The Truth, Mainly - 03/09/1998

Photographic evidence of Poor Old Booger Brain Shrinkage?
by Leon Satterfield

It's Sunday morning and my wife and I are divvying up the newspaper. I get the sports pages and the wedding section. She gets the rest.

I used to pretend that the wedding section just got stuck somehow to the sports pages. I didn't want anyone to see me reading about weddings. When my wife would catch me, I'd say I was just checking to see which of my students had married since Friday—so I could call them by their new names on Monday.

But this time she notices I merely glance at the new weddings page. She also notices that I study intently the Golden Wedding writeups and photos.

Especially the photos.

"You spend more time on the Golden Weddings than you do on the box scores," she tells me. "Did you know that?"

It's a serious charge. I squirm and cross my legs.

"Maybe I know some of these people," I say.

"Like who?" she says. "Who do you know?"

I don't know any of them.

"Every once in a while," I say, "I'll know someone."

"Well, you've been looking at the page for 15 minutes now," she says, "and you don't know any of them. What's going on?"

What's going on is that I'm mesmerized by those side-by-side photos—the newlyweds labeled "1948" and the old folks labeled "Today."

The wives are almost always recognizable as the same person in both pictures. But the Today husbands rarely look anything like the 1948 men. They wear the startled expressions of victims of bad jokes—as though they'd been lured out on a fire escape, then had a trap door open under them.

The Today wives smile pleasantly, almost triumphantly—as though they think maybe the fire escape joke is pretty funny.

I make up little family biographies that account for the differences in appearance: one guy's wife is mistaken for his daughter—even after he corrects the mistake; another guy's wife keeps reminding him of the time he set fire to the house trying to solder some copper plumbing; another guy has just been told by NASA that he's too washed up to go into space, but would his wife be interested?

"Have you noticed, m'love," I ask my wife, "how much harder marriage is on men than on women?"

She looks up from Molly Ivins.

"That's your contribution to Women's History Month?" she says.

"Check out the photographic evidence," I say. "Look at the 1948 guy: tall, straight, proud, certain the world is his oyster. Look at him today: bent, wild-eyed, bald, befuddled, grimacing the kind of grimace a man grimaces when his wife tells him to smile, dammit, or the picture will make the grandkids cry."

"It's not that bad," she says. "The poor old boogers just look confused and frightened, the way they might look if they were, say, falling through a trap door on a fire escape."

"And notice the wives," I say. "Tight little tentative smiles in 1948, suppressed guffaws today. Wouldn't you say that's evidence?"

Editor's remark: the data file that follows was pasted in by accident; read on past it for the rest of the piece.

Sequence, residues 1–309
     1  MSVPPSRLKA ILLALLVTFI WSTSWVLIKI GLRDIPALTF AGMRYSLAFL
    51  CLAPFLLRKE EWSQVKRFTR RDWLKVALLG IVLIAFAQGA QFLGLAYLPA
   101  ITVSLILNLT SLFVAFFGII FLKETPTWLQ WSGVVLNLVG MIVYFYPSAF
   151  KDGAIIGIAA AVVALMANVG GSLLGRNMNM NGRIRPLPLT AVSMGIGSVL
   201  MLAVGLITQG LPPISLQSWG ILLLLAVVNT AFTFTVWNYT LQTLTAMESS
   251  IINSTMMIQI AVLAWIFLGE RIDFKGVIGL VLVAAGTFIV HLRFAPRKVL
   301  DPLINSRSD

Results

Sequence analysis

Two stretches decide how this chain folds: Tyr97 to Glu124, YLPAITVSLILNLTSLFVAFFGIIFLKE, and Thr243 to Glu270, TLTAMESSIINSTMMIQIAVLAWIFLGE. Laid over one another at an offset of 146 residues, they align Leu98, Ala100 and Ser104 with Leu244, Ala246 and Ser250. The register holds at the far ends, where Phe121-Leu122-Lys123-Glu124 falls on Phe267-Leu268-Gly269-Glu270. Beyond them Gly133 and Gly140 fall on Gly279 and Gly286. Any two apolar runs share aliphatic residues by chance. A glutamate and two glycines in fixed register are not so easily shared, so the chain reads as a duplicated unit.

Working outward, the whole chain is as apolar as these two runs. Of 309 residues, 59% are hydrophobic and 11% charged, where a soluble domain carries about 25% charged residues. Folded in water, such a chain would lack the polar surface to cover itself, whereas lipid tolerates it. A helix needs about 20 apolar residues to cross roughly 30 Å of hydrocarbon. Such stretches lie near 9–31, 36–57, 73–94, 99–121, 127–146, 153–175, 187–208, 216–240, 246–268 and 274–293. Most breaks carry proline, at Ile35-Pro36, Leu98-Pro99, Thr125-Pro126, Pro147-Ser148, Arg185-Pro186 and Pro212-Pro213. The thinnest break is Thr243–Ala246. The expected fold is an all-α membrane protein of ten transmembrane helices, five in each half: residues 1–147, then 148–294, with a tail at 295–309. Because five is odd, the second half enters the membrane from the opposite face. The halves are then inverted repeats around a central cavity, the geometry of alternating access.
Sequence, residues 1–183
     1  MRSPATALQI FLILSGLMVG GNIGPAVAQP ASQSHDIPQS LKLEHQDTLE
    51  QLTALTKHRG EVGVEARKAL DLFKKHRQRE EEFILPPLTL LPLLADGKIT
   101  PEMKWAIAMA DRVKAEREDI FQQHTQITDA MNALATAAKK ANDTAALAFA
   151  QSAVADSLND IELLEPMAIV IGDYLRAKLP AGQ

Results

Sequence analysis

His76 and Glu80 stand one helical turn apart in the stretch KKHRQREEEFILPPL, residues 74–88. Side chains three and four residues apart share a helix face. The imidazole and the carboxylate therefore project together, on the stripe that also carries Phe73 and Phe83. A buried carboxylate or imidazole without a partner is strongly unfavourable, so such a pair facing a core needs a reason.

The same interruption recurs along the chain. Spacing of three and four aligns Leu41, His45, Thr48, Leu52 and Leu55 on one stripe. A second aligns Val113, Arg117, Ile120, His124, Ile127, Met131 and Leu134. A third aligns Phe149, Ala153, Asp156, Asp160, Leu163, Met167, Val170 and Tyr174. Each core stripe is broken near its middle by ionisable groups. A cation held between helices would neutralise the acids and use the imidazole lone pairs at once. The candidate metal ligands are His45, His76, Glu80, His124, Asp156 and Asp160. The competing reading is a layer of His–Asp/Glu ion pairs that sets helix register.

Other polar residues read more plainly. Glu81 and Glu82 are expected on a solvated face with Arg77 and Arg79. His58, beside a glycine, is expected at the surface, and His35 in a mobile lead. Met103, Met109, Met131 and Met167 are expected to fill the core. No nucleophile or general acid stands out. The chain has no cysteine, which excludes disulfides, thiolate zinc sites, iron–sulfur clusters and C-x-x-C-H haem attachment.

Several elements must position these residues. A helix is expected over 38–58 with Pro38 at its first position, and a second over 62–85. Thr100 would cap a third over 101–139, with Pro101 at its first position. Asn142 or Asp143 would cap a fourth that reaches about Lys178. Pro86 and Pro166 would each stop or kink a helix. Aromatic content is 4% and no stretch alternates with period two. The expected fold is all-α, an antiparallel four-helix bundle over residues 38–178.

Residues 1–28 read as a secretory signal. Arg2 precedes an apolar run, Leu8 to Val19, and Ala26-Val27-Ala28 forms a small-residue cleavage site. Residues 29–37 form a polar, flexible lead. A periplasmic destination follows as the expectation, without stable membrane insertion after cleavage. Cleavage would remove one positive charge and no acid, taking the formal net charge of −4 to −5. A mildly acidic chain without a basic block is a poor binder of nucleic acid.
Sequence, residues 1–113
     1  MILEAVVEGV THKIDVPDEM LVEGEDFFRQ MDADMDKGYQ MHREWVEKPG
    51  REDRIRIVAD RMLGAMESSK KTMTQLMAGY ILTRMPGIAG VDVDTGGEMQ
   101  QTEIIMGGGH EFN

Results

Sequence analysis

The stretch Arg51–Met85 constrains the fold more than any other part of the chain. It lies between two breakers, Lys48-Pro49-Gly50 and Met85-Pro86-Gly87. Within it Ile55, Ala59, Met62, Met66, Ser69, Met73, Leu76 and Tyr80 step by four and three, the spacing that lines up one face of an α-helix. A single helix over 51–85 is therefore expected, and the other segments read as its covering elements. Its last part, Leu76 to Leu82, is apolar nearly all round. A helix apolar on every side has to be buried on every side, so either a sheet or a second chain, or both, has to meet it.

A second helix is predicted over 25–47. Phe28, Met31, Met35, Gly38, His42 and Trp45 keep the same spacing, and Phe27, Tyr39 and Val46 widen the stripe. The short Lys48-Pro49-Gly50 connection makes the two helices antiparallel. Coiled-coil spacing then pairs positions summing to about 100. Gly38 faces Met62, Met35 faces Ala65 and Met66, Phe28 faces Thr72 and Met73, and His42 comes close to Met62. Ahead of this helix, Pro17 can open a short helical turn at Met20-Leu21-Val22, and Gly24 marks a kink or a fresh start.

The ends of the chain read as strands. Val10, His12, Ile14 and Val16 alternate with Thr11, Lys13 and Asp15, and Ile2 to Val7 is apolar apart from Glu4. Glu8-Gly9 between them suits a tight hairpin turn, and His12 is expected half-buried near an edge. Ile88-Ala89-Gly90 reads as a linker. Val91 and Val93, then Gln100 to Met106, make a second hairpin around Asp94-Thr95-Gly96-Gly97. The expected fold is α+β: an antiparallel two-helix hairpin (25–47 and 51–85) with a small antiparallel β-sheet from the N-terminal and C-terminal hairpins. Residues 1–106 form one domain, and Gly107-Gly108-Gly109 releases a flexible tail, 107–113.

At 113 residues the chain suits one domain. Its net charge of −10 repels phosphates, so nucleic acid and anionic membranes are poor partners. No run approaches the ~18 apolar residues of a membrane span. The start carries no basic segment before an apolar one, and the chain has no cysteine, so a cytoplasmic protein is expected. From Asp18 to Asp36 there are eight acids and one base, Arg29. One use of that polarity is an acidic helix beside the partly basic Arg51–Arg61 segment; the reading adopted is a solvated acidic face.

"Last time I saw a woman with a suppressed guffaw like that," she says, "was right after she got her husband housebroken. Last time I saw a man looking so distressed was when he was told if he didn't raise the seat before he used the toilet, he'd wake up one morning with a porcelain necklace. So no, I don't see the pictures as evidence that marriage is harder on men than on women."

"Then what is it?" I say. "Why do the women look so calm, the men so panicky?"

"Read this," she says, pulling a newspaper clipping out of her knitting.

It's from the Feb. 13 New York Times and the headline says "Men's Brains Shrink Faster than Women's." It's about research published last month in The Archives of Neurology, and it says that as we age, our brains shrink and cerebrospinal fluid fills up the empty spaces in our heads. The kicker: "Around the cortex, older men show an average 32 percent increase in cerebrospinal fluid. Older women show a 1 percent increase in fluid."

"Poor Old Booger Brain-Shrink Syndrome," she says. "That's what it is."

"But," I say, "Dr. Edward Coffey says men may be better able to tolerate brain shrinkage without showing the effects."

"Maybe," she says, "or maybe Dr. Coffey is old enough that his brain has shrunk too, resulting in a Faulty Hypothesis. My plump-brained counter-hypothesis is that Poor Old Booger Brain-Shrink Syndrome is why poor old boogers look panicky and their wives don't."

"Whatever," I say. "Means nothing to me. I'm not a poor old booger."

"Don't count on it," she says. "Says here that sometimes brain shrinkage starts as early as 65. You're only 64, but you've always been precocious."

I shake my head vigorously. It makes a sloshing sound.

"You look like you're falling through a trap door on a fire escape," she says. "Let me get the camera."


Lincoln English Professor Satterfield writes to salvage clarity from his confusion. His column appears on alternate Mondays.

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